new study Posted in Current opinion in psychology Examines how our beliefs in heaven and hell, and other “super-punishment” accounts, can override our reasoning and, to some extent, dictate our behaviour. The paper suggests that there are pros and cons to these common belief structures and provides a reason for why they are so prevalent in cultures around the world.
“People endorse supernatural narratives, such as beliefs in hells or moral deities, in an effort to make each other more cooperative,” explains psychologist Manvir Singh of the Institute for Advanced Studies in Toulouse, France. “Moreover, we embrace it because it is cognitively ‘sticky’ – that is, our cognitive biases make paranormal narratives particularly compelling.”
According to Singh and co-author Léo Fitouchi, supernatural beliefs can control us because they go beyond what they call “cognitive alertness,” or the lens through which humans assess the reliability of information conveyed by others.
“If I tell you, for example, that a certain food item has been poisoned, I might provide real, useful information or I might try to manipulate you into keeping more food for myself,” says Vitoshi. “Therefore, you need psychological mechanisms to assess whether or not the information provided by others is correct.”
Both Singh and Vitoshi highlight that negatively significant beliefs such as the threat of punishment are more likely to override our cognitive alertness.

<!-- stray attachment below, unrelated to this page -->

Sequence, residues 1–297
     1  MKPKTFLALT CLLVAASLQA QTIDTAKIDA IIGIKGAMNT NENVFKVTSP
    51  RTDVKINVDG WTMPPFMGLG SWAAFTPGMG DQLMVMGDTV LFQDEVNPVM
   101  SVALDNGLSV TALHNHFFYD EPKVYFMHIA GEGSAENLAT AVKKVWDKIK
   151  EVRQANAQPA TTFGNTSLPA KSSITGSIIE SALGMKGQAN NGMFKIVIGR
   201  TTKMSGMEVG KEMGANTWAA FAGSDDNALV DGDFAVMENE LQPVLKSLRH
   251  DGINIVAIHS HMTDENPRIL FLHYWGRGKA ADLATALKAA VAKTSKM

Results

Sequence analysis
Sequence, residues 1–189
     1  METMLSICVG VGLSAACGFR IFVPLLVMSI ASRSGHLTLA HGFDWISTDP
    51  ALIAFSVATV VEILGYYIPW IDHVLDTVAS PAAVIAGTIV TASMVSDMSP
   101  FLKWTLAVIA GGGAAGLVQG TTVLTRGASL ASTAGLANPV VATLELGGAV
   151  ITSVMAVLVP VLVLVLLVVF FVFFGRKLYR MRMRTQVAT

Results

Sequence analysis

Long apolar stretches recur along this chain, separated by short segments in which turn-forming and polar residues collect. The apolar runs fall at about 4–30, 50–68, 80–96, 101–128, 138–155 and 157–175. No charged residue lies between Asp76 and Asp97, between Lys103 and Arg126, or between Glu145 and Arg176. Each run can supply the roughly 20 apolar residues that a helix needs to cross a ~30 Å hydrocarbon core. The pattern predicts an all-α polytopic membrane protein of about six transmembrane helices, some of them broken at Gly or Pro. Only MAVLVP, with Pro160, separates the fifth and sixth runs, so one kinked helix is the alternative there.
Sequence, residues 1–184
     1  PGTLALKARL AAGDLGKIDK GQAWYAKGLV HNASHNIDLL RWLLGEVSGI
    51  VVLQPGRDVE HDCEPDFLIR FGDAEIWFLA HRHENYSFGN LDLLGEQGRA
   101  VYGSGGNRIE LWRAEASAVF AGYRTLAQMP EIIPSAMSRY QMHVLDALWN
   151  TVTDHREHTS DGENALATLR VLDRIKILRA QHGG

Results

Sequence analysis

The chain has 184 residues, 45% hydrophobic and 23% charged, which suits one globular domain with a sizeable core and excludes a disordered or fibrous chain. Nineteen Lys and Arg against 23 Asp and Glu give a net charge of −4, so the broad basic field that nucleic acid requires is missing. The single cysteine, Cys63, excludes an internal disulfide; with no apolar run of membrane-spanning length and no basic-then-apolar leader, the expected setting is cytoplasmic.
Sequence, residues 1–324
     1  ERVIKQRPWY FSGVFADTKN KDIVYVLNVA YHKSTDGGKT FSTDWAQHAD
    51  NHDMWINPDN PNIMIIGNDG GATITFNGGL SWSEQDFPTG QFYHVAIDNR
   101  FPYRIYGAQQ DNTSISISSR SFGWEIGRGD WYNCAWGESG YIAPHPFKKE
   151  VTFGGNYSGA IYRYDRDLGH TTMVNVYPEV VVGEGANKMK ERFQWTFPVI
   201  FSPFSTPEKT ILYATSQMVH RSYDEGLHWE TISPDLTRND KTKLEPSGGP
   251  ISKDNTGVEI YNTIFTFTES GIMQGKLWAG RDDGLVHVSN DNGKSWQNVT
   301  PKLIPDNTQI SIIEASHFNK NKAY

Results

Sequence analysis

“Studies show that people are inclined to believe that offenders are more likely to suffer—which is exactly what supernatural punishment beliefs claim,” Vitoshi told. “People are also more likely to accept threatening beliefs, such as warnings of eternal damnation in Hell.”
With this in mind, Singh and Vitoshi explain that supernatural punishment beliefs are especially prevalent in cultures that possess a strong social desire to control others. These cultures typically exhibit what researchers call “cultural narrowness” – meaning that they have strict social norms.
Although this may sound bleak, their findings reveal that belief in supernatural punishment can lead to positive outcomes for society.
“Supernatural punishment beliefs promote cooperation,” Singh explains. “Often that involves forces watching our behavior and making mistakes that are costly enough to offset any benefits people would otherwise get from behaving badly.”
For example, in Indonesia, the indigenous people believe in a water spirit that attacks anyone who does not share meat. This belief encourages people to share food with others, which increases cooperation in the tribe.
The more cognitively attractive a belief is, the greater the chance that it will transcend cognitive awakening and become a reality.
Vitoshi concludes that “to explain the spread of religious beliefs – or any cultural products for that matter – we need to think more about their strategic usefulness and epistemological appeal”.
A full interview with Manvir Singh and Léo Fitouchi discussing this new research can be found here: How your supernatural beliefs shape your thoughts